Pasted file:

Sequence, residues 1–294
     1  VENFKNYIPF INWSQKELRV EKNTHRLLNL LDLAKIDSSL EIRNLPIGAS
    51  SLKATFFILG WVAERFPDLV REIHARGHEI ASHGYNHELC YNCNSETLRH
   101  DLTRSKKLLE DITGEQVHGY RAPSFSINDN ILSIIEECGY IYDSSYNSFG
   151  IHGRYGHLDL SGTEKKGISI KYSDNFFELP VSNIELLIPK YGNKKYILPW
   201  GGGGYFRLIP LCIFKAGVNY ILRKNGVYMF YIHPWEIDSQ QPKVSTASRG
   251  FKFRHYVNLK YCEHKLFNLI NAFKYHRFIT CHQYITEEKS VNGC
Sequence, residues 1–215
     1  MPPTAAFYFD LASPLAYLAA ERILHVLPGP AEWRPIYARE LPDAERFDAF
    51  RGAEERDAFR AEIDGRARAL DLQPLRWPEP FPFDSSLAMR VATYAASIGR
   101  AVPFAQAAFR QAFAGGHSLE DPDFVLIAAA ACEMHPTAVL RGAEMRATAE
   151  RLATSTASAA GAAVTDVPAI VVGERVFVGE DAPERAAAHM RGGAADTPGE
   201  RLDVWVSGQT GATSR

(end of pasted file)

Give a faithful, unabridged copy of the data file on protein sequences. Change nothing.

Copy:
Sequence, residues 1–294
     1  VENFKNYIPF INWSQKELRV EKNTHRLLNL LDLAKIDSSL EIRNLPIGAS
    51  SLKATFFILG WVAERFPDLV REIHARGHEI ASHGYNHELC YNCNSETLRH
   101  DLTRSKKLLE DITGEQVHGY RAPSFSINDN ILSIIEECGY IYDSSYNSFG
   151  IHGRYGHLDL SGTEKKGISI KYSDNFFELP VSNIELLIPK YGNKKYILPW
   201  GGGGYFRLIP LCIFKAGVNY ILRKNGVYMF YIHPWEIDSQ QPKVSTASRG
   251  FKFRHYVNLK YCEHKLFNLI NAFKYHRFIT CHQYITEEKS VNGC
Sequence, residues 1–215
     1  MPPTAAFYFD LASPLAYLAA ERILHVLPGP AEWRPIYARE LPDAERFDAF
    51  RGAEERDAFR AEIDGRARAL DLQPLRWPEP FPFDSSLAMR VATYAASIGR
   101  AVPFAQAAFR QAFAGGHSLE DPDFVLIAAA ACEMHPTAVL RGAEMRATAE
   151  RLATSTASAA GAAVTDVPAI VVGERVFVGE DAPERAAAHM RGGAADTPGE
   201  RLDVWVSGQT GATSR